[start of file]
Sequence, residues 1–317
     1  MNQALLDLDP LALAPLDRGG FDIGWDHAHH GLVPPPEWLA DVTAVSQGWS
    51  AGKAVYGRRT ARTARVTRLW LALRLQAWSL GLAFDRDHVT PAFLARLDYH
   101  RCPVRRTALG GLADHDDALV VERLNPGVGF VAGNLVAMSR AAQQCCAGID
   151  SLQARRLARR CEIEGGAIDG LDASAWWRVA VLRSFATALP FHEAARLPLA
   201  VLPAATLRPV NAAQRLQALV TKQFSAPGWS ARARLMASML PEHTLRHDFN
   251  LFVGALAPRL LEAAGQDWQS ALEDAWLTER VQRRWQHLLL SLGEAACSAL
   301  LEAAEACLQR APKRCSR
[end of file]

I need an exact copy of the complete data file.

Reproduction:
Sequence, residues 1–317
     1  MNQALLDLDP LALAPLDRGG FDIGWDHAHH GLVPPPEWLA DVTAVSQGWS
    51  AGKAVYGRRT ARTARVTRLW LALRLQAWSL GLAFDRDHVT PAFLARLDYH
   101  RCPVRRTALG GLADHDDALV VERLNPGVGF VAGNLVAMSR AAQQCCAGID
   151  SLQARRLARR CEIEGGAIDG LDASAWWRVA VLRSFATALP FHEAARLPLA
   201  VLPAATLRPV NAAQRLQALV TKQFSAPGWS ARARLMASML PEHTLRHDFN
   251  LFVGALAPRL LEAAGQDWQS ALEDAWLTER VQRRWQHLLL SLGEAACSAL
   301  LEAAEACLQR APKRCSR